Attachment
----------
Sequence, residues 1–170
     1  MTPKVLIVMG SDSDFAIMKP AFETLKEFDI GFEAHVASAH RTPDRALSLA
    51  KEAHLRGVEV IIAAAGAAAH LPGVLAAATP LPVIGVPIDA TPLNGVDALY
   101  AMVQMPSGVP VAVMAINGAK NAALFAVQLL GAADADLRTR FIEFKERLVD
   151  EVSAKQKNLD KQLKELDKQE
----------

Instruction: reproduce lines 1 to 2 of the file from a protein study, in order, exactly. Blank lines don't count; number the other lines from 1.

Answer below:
Sequence, residues 1–170
     1  MTPKVLIVMG SDSDFAIMKP AFETLKEFDI GFEAHVASAH RTPDRALSLA